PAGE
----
Things Should Orderly FLOAT on the Moon on Levitation Railway Track

Moon FLOAT concept 1 photo
Photo: Ethan Schaler
It’s no secret anymore that sometime over the next decade, humanity will establish the first elements of a permanent base on the Moon. The Americans are the most advanced in their plans of doing this, but the Russians and Chinese recently announced similar plans.
NASA’s idea of a base on the Moon is part of the Artemis program, and, despite not having a set deadline for completion, it already spawns crazy ideas from interested parties. Ethan Schaler, a scientist with the Jet Propulsion Laboratory, is working on one such idea, something called FLOAT.

FLOAT stands for Flexible Levitation on a Track and is envisioned as a transport system for payloads on the Moon. Regolith mined on the surface could be moved to the construction site of whatever installation or hardware shipped from landing pads to where they’re needed.

For the system to work, a flexible film track needs to be laid on the ground. The film would comprise three layers: a graphite one to be used for diamagnetic levitation, a flex-circuit one to generate the electromagnetic thrust and provide forward motion to the platforms overhead, and, optionally, a solar panel layer for extra energy requirements.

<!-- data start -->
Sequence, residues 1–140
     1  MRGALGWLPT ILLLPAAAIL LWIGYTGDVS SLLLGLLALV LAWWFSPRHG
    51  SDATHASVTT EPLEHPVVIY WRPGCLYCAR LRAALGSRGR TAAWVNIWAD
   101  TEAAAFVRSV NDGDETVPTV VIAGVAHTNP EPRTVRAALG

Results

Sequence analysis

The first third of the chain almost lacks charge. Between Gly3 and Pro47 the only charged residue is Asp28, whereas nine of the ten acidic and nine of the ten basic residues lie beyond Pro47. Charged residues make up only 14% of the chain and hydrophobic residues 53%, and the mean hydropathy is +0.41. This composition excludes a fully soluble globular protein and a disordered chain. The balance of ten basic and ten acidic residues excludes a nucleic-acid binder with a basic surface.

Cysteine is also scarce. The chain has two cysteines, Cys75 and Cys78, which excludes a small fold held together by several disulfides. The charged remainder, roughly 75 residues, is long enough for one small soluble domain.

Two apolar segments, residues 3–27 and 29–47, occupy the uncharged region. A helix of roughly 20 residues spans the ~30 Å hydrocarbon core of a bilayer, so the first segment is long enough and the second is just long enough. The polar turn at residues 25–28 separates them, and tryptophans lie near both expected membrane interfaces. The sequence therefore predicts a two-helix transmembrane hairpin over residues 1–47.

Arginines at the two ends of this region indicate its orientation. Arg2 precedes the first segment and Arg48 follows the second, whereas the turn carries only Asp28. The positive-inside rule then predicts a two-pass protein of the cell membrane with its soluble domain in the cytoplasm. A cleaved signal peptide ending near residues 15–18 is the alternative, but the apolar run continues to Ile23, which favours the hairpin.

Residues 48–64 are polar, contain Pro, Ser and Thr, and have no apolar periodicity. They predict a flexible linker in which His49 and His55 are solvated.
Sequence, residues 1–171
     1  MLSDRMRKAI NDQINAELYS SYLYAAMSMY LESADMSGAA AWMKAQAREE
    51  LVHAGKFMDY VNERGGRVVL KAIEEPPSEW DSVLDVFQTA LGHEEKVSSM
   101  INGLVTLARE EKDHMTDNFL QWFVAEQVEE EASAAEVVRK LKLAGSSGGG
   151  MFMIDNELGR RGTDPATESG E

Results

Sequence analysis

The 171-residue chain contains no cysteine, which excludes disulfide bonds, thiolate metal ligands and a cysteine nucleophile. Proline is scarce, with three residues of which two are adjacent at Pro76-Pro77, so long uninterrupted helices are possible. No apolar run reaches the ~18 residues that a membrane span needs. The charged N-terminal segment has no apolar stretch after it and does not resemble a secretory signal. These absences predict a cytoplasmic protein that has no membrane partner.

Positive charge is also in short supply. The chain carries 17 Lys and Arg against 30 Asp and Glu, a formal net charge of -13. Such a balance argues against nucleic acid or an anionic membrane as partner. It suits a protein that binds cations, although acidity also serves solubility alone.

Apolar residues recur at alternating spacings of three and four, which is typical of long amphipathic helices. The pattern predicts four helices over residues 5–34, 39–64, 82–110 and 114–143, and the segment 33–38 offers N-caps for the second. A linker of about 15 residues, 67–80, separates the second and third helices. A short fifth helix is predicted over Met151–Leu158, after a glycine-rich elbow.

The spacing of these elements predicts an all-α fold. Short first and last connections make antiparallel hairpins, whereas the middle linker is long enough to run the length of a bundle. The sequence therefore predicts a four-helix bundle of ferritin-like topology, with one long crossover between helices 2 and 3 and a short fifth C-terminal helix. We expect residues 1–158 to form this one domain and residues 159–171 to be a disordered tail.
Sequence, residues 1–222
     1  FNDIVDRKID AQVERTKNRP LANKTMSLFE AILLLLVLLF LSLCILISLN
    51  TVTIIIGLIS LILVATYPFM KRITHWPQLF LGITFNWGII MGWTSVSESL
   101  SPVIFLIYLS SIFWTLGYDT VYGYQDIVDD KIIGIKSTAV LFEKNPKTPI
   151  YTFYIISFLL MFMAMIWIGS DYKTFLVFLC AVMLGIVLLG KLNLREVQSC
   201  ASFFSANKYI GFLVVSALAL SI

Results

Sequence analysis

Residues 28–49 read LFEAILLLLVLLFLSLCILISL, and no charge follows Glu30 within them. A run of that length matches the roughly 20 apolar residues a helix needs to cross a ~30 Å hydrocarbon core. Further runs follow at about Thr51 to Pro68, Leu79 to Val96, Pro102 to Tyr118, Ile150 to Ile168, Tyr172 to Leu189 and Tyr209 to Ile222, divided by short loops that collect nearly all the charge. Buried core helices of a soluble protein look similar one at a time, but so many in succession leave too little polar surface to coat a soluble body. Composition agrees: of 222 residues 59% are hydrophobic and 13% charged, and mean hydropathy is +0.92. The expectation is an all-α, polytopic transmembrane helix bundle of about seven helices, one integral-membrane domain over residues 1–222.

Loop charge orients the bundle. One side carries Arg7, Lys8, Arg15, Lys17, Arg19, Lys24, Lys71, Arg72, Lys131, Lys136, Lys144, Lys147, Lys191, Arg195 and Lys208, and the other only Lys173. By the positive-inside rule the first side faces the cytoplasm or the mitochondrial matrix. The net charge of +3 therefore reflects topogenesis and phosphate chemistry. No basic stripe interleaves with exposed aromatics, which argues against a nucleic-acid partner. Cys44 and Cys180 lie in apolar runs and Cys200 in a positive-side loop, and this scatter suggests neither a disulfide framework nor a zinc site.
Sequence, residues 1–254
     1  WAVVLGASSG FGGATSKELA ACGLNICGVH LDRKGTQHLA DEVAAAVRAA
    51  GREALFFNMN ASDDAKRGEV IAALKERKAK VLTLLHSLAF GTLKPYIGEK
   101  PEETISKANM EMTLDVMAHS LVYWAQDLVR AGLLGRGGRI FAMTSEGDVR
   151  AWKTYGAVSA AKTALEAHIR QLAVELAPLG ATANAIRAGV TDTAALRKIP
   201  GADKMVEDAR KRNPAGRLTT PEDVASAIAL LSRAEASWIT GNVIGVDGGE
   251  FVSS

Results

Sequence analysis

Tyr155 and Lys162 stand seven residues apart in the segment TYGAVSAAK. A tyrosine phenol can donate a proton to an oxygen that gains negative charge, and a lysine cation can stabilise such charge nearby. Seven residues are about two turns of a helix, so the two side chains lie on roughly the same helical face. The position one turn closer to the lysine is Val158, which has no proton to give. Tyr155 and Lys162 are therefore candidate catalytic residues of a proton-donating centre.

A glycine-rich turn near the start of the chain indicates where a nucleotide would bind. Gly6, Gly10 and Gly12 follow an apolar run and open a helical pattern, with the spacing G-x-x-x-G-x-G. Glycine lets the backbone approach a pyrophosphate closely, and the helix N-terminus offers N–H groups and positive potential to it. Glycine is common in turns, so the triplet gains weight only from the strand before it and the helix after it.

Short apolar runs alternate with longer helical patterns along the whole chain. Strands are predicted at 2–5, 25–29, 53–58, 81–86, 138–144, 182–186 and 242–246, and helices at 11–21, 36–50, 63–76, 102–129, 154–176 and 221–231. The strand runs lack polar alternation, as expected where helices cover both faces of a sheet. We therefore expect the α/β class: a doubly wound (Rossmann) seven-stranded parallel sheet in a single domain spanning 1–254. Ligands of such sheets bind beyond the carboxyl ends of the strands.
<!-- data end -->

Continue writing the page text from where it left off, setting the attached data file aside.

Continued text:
On top of this track floating at a set distance would be magnetic tray robots, platforms of sorts that could be loaded with things. Each of them should be capable of carrying payloads of various shapes, sizes, and weights at speeds of around 0.5 meters per second. They would be autonomous, and together with their track, reconfigurable and capable of supporting relocation.

FLOAT is one of the several projects chosen by NASA for the Innovative Advanced Concepts (NIAC) program, and it is still in its early stages. A disclaimer accompanies all these concepts, claiming they “may never become NASA missions,” but we have a feeling FLOAT is something a future lunar colony would most definitely need.
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About the author: Daniel Patrascu
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Daniel loves writing (or so he claims), and he uses this skill to offer readers a "behind the scenes" look at the automotive industry. He also enjoys talking about space exploration and robots, because in his view the only way forward for humanity is away from this planet, in metal bodies.
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